Poetry! What A Diversion
There are strange things done by the midnight sun
By the men who moil for gold
The Arctic trails have their secret tales
that would make your blood run cold;
the Northern Lights have seen queer sights,
but the queerest they ever did see
was the night on the marge of Lake Lebarge
I cremated Sam McGee.
Now that's poetry! A man's vision of the frosty world up north! Gut wrenching, bottle swilling poetry. Pour me a couple of finger fulls in a dirty glass and let me read by the fire. Then pass out, as the fire lays low.
The only thing I can think good of Ronald Reagan is he liked this poem and poet! I have been trying to find a decent poem ever since I stumbled onto these when I was in my teens riding a dog sled 'round the pole! And, by god, I even taught poetry to a bunch of girls. Waste of time! (Well, okay I was in high school in suburban Virginia, but I could have been on a dog sled mushing ’round the pole!)
One of the reasons I subscribe to The New Yorker (along with Outdoor Life and A Hunting we will Go) is to try to recapture the man I felt and feel every time I read one of Services’ masterpieces.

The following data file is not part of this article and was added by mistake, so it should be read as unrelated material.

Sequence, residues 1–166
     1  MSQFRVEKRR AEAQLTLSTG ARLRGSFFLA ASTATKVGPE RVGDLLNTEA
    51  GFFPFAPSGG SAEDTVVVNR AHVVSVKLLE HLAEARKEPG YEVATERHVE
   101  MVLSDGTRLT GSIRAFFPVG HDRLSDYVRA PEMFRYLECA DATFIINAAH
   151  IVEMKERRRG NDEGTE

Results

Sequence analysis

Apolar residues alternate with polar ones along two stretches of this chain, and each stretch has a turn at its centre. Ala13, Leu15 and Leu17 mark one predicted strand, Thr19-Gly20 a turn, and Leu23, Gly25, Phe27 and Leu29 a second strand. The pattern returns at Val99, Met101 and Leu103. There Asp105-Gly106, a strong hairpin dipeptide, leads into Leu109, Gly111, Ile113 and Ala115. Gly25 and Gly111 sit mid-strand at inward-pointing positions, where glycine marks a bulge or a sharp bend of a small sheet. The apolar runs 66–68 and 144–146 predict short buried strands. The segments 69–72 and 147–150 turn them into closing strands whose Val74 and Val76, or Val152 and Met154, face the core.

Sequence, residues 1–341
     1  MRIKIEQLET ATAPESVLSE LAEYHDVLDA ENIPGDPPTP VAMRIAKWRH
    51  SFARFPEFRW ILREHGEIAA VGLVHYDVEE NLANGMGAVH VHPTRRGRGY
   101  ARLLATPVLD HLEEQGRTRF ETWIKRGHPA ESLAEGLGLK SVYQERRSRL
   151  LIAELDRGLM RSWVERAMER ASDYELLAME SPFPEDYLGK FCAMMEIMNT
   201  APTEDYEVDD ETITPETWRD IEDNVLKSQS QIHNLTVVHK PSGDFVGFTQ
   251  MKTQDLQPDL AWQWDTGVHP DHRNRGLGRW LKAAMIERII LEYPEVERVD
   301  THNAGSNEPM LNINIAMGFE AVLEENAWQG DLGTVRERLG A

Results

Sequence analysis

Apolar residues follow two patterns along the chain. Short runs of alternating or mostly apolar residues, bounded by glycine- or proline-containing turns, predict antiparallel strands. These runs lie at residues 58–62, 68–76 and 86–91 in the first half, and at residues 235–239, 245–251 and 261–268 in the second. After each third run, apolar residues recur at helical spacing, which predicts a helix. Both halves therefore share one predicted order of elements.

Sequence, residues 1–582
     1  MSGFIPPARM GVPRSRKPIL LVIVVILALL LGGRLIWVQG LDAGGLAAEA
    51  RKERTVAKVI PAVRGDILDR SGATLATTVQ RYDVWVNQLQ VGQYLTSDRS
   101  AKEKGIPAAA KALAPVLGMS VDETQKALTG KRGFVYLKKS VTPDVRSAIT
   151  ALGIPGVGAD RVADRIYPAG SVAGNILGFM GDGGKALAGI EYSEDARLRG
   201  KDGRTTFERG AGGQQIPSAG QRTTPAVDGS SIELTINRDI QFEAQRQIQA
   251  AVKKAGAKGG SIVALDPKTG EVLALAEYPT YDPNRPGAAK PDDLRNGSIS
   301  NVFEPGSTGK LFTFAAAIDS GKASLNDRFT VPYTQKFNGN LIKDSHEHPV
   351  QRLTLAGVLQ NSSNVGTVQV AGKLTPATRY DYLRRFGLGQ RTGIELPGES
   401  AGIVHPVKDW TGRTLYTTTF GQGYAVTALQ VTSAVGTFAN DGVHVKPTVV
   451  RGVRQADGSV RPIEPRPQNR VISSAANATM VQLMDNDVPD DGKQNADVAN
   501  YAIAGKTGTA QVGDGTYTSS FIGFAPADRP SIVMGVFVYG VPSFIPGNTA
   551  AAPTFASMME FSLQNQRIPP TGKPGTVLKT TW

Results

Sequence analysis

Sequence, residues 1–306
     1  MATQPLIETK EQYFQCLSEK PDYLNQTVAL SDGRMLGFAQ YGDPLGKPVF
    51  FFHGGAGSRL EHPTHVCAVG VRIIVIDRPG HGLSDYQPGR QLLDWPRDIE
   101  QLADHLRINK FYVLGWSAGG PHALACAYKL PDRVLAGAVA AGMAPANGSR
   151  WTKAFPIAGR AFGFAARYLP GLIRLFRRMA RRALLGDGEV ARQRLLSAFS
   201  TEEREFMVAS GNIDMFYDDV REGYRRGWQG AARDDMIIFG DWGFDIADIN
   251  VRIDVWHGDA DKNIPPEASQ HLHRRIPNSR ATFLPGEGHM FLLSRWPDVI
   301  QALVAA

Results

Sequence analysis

Let's look at one in The New Yorker. (Remember I also read Outdoor Life and A Hunting We Will Go.)
The stars in their magnificent array
Look down upon the earth, their cynosure
or so it seems.
Now this starts out as a mighty fine poem, yes sir, mighty fine! Then, what the hell is a cynosure?
Sounds like something those two old bats would feed those lonely geezers in Arsenic and Old Lace.
So, get up from the chair, find old Webster's, it's around here some place, and look up cynosure. Cyno, cyno sure..here it is..."The northern constellation of Ursa Minor." Now what the hell is that? Wait..it has two or three definitions below that one: "One that serves to direct and guide and a center of attraction or attention." Let's see, the Ursa Minor is the little dipper..Look down on the earth, their Little Dipper.
Time to get a couple of fingers of Red Eye and see if that won't help it make any more sense.
Okay, let's take another few lines of poem on another page.
"like Rilke wheedling his way into a palace."
Okay most of the other stanzas I understood, but who the hell is Rilke? Where did he come from?
Find Webster's again, Rilke, Maria 1875-1926 Ger. poet. Oh, yea, I know all the German poets. Especially the ones from World War 1. Great group of guys...SHE? Oh, okay! I know of all the female German poets. I can just imagine them big and fat, dressed in blue gowns, dancing in a beer garden to the tune of some old German music with a guy playing the accordion. I don't think she would wheedle her way into anywhere. More like coming through like a Mack truck!
Think I will pick up another magazine "Whoa! What a ……! Whoops! Wrong magazine here it is: A Hunting We Will Go! Whoa! What a rack!
...Life is good. . . . .
With apologies to Lee Upton "The Apology" and Clive James "Star System" in The New Yorker, March 16, 2015